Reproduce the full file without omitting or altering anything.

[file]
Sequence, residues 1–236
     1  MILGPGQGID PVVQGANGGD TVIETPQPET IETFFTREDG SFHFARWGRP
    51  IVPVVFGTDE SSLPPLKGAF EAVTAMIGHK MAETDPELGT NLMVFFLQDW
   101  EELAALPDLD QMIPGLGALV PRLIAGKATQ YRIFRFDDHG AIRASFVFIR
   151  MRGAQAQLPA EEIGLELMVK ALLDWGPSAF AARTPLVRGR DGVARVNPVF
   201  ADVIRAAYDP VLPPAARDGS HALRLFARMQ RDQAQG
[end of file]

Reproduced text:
Sequence, residues 1–236
     1  MILGPGQGID PVVQGANGGD TVIETPQPET IETFFTREDG SFHFARWGRP
    51  IVPVVFGTDE SSLPPLKGAF EAVTAMIGHK MAETDPELGT NLMVFFLQDW
   101  EELAALPDLD QMIPGLGALV PRLIAGKATQ YRIFRFDDHG AIRASFVFIR
   151  MRGAQAQLPA EEIGLELMVK ALLDWGPSAF AARTPLVRGR DGVARVNPVF
   201  ADVIRAAYDP VLPPAARDGS HALRLFARMQ RDQAQG